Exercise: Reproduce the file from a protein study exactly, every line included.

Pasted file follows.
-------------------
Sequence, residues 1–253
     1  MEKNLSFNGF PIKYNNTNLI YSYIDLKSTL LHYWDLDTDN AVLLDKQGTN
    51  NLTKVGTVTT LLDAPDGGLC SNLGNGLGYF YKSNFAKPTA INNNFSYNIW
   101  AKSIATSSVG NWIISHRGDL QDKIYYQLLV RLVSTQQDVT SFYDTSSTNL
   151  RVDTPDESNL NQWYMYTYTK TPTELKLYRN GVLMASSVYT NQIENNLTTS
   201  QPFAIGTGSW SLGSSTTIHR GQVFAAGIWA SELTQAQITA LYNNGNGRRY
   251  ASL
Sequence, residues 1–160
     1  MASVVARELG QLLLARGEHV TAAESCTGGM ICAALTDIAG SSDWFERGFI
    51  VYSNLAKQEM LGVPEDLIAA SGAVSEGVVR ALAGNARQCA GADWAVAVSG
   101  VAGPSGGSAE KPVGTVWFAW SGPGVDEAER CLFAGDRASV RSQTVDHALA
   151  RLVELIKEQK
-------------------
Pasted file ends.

Sequence, residues 1–253
     1  MEKNLSFNGF PIKYNNTNLI YSYIDLKSTL LHYWDLDTDN AVLLDKQGTN
    51  NLTKVGTVTT LLDAPDGGLC SNLGNGLGYF YKSNFAKPTA INNNFSYNIW
   101  AKSIATSSVG NWIISHRGDL QDKIYYQLLV RLVSTQQDVT SFYDTSSTNL
   151  RVDTPDESNL NQWYMYTYTK TPTELKLYRN GVLMASSVYT NQIENNLTTS
   201  QPFAIGTGSW SLGSSTTIHR GQVFAAGIWA SELTQAQITA LYNNGNGRRY
   251  ASL
Sequence, residues 1–160
     1  MASVVARELG QLLLARGEHV TAAESCTGGM ICAALTDIAG SSDWFERGFI
    51  VYSNLAKQEM LGVPEDLIAA SGAVSEGVVR ALAGNARQCA GADWAVAVSG
   101  VAGPSGGSAE KPVGTVWFAW SGPGVDEAER CLFAGDRASV RSQTVDHALA
   151  RLVELIKEQK